Brian O'Driscoll believes that Ireland coach Joe Schmidt will be quietly confident of securing this year's RBS 6 Nations, despite stating that 'indomitable' England were favourites to secure this year's championship.

The Ireland coach said last week that he would be happy if his side finish in the top two in this year’s competition, stating "a top-two finish would be great. Obviously, England are top of the pile, and for the last 13, 14 months they have been indomitable.”

However, Leinster and Ireland legend O’Driscoll believes that Schmidt is just being canny about his chances and feels that the coach will only have eyes for the number one spot this year.

“The best way of getting your foot on the plane is by winning the Six Nations and winning as a collective. You will shine as an individual." - O'Driscoll

“Of course, I would think, behind closed doors, he is thinking only number one spot," O'Driscoll told RTÉ Sport.

"Everyone will realistically say that a top two wouldn’t be the end of the world, to finish behind a pretty impressive England team.

"But of course, he [Schmidt] is being canny. You don’t want to go out and oversell yourself too early.”

Speaking at an event for Temple Street Children’s University Hospital Foundation, O’Driscoll admitted that he was really looking forward to this year’s Six Nations as a fan, having experienced the victory over New Zealand in Chicago from the grandstand rather that the team’s inner circle or the commentary box.

“I’ve had plenty of time to put to bed the playing days and I’m just excited now as a fan. I went to Chicago as a fan, not in a work capacity, and it was brilliant to see that result.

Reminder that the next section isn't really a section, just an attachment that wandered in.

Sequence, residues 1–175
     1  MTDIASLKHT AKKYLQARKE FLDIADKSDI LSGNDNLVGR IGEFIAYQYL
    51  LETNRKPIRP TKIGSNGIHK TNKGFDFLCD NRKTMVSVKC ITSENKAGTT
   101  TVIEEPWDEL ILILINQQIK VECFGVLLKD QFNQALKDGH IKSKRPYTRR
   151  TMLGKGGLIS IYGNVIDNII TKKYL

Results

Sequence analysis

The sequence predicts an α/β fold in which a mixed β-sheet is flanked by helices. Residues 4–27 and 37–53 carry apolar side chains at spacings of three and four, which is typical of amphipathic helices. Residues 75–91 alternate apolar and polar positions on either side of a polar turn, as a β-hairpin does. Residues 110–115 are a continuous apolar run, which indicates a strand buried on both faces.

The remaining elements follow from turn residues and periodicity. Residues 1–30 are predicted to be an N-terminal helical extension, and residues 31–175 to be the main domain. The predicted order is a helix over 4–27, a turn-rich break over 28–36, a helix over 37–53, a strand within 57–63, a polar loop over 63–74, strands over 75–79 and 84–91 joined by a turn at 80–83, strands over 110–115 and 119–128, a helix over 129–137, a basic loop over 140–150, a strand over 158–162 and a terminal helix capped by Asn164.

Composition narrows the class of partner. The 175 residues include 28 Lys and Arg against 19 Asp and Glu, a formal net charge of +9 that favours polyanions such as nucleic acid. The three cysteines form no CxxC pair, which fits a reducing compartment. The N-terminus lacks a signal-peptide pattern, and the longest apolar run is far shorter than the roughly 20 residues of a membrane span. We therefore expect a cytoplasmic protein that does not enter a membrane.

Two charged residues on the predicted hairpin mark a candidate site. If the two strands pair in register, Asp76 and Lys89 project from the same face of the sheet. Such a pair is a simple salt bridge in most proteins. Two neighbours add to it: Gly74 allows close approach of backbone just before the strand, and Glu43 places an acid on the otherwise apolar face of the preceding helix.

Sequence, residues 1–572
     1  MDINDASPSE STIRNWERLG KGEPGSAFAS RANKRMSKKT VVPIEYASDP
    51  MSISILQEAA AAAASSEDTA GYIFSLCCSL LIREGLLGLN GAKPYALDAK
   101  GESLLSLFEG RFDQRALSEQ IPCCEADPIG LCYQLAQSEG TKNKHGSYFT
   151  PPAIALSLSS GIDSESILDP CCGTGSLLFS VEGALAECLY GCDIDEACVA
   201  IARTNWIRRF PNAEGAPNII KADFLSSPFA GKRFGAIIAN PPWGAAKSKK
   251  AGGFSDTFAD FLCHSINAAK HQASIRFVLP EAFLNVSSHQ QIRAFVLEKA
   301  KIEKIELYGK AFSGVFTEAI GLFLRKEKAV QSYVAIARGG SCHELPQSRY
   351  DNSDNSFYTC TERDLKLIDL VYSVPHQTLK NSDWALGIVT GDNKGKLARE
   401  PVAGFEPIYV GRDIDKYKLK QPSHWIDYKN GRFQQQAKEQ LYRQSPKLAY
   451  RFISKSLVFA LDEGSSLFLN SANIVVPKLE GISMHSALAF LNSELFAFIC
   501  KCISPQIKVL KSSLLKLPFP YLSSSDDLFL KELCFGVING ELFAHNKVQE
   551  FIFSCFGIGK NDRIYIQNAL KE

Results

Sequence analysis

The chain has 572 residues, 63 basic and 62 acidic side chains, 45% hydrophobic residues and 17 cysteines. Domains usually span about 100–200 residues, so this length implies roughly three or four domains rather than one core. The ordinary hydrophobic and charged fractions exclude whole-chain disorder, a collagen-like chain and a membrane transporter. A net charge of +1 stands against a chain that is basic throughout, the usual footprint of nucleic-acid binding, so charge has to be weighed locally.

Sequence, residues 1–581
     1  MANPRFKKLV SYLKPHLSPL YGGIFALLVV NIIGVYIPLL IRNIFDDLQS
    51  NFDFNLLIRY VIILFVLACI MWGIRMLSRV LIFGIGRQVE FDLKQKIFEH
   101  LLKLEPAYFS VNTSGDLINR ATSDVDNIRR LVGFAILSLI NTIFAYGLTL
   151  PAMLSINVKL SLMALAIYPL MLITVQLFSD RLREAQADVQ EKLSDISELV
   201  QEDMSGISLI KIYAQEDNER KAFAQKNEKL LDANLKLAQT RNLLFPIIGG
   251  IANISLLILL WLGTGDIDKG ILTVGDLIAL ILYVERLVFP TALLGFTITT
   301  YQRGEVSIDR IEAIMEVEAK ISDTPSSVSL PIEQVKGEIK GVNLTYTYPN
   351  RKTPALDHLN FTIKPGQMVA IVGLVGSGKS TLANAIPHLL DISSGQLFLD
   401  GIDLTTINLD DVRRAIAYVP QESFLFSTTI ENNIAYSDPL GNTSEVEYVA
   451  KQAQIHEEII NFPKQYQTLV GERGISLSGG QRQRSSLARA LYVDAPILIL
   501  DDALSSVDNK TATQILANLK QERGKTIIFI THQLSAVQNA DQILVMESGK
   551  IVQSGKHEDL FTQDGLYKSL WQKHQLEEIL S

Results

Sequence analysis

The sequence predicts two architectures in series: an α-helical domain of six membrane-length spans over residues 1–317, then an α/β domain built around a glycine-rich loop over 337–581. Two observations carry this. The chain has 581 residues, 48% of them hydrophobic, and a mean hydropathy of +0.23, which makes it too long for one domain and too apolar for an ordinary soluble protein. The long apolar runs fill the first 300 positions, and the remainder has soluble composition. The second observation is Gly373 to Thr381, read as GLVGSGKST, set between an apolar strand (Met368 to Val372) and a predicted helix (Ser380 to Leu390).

“You become just another number like everyone else, wearing green and cheering the team and you become incredibly patriotic.

“And with the standard of the team at the moment, Ireland are in a good place so hopefully we can capitalise on that and keep growing the squad that Joe has put together so impressively.”

O’Driscoll also believes that the new tackle laws will affect several games throughout the tournament, and while he is against the bonus-point system, he felt that the trial has to be embraced as it works well in European club competitions.

 “We’re still in the early days of [the tackle], so it’s down to interpretation. The best referees will be in charge during the Six Nations so their understanding of the rules and leniency at times will be necessitated.

“What it does do is encourages players to tackle lower, and that has to be a good thing. But it’s unfortunate that teams are now training expecting to be a man or two down and at times, we’re going to see games finishing with 14v14 or 14v13, and fitness levels are going to tell.

“I’m not really [a fan of the bonus point]. I didn’t feel there was any issue with the Six Nations. There was great excitement a couple of years ago with all three games relevant on the final weekend as potential winners of it.

“But it’s worked well in Europe, so you have to embrace it, it’s here as a trial. But you would anticipate it won’t come down to bonus points and the team with four or five victories will win the Six Nations.”

And looking ahead to the Lions tour, O’Driscoll was non-committal on how many Ireland players he believed would be making the trip to face World Cup holders New Zealand in the summer.

“It’s impossible to say, as the game is becoming so attritional, so a number of players will probably be ruled out through injury.

“You would hope for three or four [in the Test starting XV] but it is all to do with who does well in the Six Nations.

“The best way of getting your foot on the plane is by winning the Six Nations and winning as a collective. You will shine as an individual if you manage to do that.”